A few weeks ago I noticed that every single week, without fail, the main headline in Campaign told us that a big account was now up for pitch.
Not sure what today’s will be* (probably something rather exciting, just to make a mockery of the above and below), but I do wonder what that long run of accounts up for pitch could mean:
1. Lots of accounts are up for pitch. The simplest explanation is that for some odd reason of coincidence, the most important thing that happened every week from September onwards was the potential movement of an account. I suppose that’s possible, but then what does that mean? Lack of confidence amongst clients? A new trend for even shorter tenure of accounts? And why might that be? Economic jitters? Perhaps it’s a symptom of the downward spiral of the UK advertising industry that I’ve mentioned many times on this blog: the work gets worse, agencies have less credibility, clients have less confidence and trust in agencies to produce the goods, the atmosphere creates even worse work as the lack of trust takes hold, and then the account goes walkies. That sounds quite plausible.
2. The world of advertising has been quite dull of late. The front of Campaign used to have all sorts of far more interesting stories about so-and-so starting an agency or Mr. Volatile ECD being ‘ousted’. Either these are no longer happening or they’re not making the front page of Campaign, but then I don’t recall many such stories on the inside pages. Is UK advertising getting duller? I remember when January was full of stories about teams and CDs moving or new shops opening their doors. All the prep work would have been done at the end of the previous year (and besides, there’s no point announcing anything like that at the end of the year; everyone’s too pissed to care and will have forgotten by the time the holidays are over) and press releases fed into Campaign in the spirit of a new start to the new year. Anyway, that seems less prevalent this month, so maybe the budgets are tighter and the quietly-executed layoffs are making hirings lass common.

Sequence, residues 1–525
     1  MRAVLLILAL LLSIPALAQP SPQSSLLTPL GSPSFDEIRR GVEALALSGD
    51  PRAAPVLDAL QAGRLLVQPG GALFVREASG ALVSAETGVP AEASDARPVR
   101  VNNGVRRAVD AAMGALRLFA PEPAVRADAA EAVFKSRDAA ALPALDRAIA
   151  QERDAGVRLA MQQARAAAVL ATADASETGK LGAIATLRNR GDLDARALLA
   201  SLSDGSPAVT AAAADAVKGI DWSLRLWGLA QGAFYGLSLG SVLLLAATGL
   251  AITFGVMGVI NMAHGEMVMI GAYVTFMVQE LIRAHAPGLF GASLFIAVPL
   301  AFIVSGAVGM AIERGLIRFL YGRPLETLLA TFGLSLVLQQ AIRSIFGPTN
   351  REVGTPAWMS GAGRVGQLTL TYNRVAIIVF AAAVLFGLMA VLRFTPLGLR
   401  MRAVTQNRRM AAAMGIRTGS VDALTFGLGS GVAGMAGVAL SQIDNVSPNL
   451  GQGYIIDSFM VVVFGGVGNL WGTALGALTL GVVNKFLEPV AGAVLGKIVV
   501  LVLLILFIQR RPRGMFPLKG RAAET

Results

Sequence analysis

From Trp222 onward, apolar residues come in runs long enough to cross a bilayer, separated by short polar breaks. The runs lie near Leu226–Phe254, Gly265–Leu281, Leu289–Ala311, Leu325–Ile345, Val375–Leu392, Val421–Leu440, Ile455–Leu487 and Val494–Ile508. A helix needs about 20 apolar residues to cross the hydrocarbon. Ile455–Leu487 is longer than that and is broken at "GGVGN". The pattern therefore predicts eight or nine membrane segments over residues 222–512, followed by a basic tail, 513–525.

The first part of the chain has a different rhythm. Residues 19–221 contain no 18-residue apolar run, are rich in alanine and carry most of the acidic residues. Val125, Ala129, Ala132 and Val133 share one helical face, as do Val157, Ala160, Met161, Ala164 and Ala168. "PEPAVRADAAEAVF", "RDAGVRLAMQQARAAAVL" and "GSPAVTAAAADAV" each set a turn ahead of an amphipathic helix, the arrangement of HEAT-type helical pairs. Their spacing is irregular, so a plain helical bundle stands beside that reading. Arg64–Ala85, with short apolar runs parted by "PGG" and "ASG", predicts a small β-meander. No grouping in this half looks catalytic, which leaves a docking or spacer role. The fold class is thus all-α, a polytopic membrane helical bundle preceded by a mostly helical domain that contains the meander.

3. Campaign is even more boring than we thought. The running joke about Campaign lasting no longer than a Thursday morning trip to the lav (was that a joke, or is it just true?) is perhaps wearing thin as it struggles to fill its pages. It could be a consequence of the dullness of the industry, after all, with a dearth of interesting advertising or trumped up movements like the inexorable rise of digital, with what does it fill its pages? And I do sympathise: I’d like nothing more than a plethora of sparky ads and contentious issues with which to fill this blog, but it’s pretty dry out there.
So, out of interest, is it just me or is there nothing really going on? Is your agency producing top stuff that I’m not aware of? Has your ECD been replaced by the cleaner? Is there a phantom poo-er on the loose?
Answers on a postcard/comment section.
*UPDATE: The headline on today’s Campaign is also about some account under review.